Odor not covered by insurance
By TOM MARSHALL
Published March 7, 2007
BROOKSVILLE - Take the puzzle of liability insurance, and add the mystery smell that evacuated 1,475 students from Challenger K-8 School of Science and Mathematics on Jan. 26.
The result, like a bad chemistry experiment, has been nothing but frustration for the Hernando County School Board.
At least 12 families have complained to the district and a few board members after receiving medical and ambulance bills for 36 students who were taken to the hospital as a precaution.
On Tuesday the board learned that its insurance administrator doesn't pay for mystery smells.
"We would have paid those bills on your behalf if we'd determined you were the cause of the problem," said Ted Bennett, a risk management supervisor with the district's insurance pool, the Northeast Florida Educational Consortium. "We always look for a way to pay the claim, not a way to deny the claim."
He said Florida districts are routinely covered for adults who slip and fall on school property, but generally don't cover medical payments for incidents that befall their children, unless the liability is clear.
Board members found that troubling, particularly for uninsured families who are now facing bills of $1,000 or more for the Challenger incident.
"Those are the ones we really have a concern about," said Chairman Pat Fagan.
Officials said a supplemental insurance policy that covers children at school for as little as $7 per year might have covered up to 60 percent of those bills.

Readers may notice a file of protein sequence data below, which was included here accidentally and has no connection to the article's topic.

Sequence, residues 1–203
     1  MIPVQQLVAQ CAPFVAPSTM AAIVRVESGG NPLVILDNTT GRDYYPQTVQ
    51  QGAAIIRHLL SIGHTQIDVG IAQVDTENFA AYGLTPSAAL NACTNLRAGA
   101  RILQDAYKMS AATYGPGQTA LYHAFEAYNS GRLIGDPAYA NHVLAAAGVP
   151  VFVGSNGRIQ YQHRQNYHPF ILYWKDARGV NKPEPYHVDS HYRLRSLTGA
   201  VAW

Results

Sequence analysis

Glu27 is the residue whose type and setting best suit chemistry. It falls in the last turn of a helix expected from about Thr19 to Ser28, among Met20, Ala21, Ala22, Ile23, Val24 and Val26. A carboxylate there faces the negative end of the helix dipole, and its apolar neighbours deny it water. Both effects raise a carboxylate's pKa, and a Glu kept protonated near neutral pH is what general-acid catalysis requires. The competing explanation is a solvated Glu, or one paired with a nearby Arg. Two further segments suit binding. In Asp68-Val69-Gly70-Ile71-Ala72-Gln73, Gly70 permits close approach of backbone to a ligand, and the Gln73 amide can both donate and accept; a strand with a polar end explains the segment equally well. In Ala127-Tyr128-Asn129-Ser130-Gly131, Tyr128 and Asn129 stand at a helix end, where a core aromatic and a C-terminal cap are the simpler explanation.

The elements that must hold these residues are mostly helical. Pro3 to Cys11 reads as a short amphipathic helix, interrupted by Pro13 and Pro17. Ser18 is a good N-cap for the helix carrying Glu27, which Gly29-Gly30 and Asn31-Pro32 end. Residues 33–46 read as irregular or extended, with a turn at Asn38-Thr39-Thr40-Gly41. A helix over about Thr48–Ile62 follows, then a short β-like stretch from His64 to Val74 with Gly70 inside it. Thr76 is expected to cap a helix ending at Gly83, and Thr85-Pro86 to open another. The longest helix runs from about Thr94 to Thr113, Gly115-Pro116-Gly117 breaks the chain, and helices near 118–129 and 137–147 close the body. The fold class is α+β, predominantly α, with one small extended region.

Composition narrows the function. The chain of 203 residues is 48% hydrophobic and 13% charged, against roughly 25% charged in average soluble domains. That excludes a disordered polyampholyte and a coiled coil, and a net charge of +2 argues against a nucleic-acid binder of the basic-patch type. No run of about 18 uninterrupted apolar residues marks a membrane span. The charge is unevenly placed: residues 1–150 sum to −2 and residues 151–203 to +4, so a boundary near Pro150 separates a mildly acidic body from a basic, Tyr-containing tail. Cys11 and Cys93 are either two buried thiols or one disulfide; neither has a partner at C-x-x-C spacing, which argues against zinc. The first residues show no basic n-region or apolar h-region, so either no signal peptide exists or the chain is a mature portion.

"Maybe we could have done more to promote it," said Finance Director Deborah Bruggink.
But in the meantime, several board members said they wanted to know more about what families were charged by ambulance companies and hospitals for the evacuation.
"If there's any relief that the agencies could give, now's the time," said Jim Malcolm. "I would hope those agencies would take a real look at the situation."
One of those ambulance providers, Spring Hill Fire Rescue, has already forgiven all bills related to the incident, said Chief J.J. Morrison.
And a Brooksville Regional Hospital spokesman said it hadn't charged families extra money for instituting full decontamination procedures to remove any potential contaminants.
Neither Oak Hill nor Spring Hill Regional hospitals instituted those decontamination plans.
"Based on the information that was given to us, that was the correct call," said Brooksville Regional's chief operating officer, Corey Lively.
Walter Pannone, chief nursing supervisor at Oak Hill, said his emergency room received no indication that students came into contact with a chemical spill or irritant that would require such procedures.
"They were all in relatively good shape by the time they got here," he said, except for one child with asthma-related problems.
Of the 36 students who were evacuated, five kids came from the classroom with the smell, according to district security director Barry Crowley. Others had some complaints that he thought might not rise to the level of an ambulance trip to the hospital.
But paramedics opted to transport all children to be safe, and school officials at the scene supported that judgment, Crowley said.
Board members were in full agreement with that call.
"Because if the worst had happened and paramedics had done nothing, and we had done nothing, this would have been an entirely different workshop," Malcolm said.
Tom Marshall can be reached at (352) 848-1431 or email@example.com.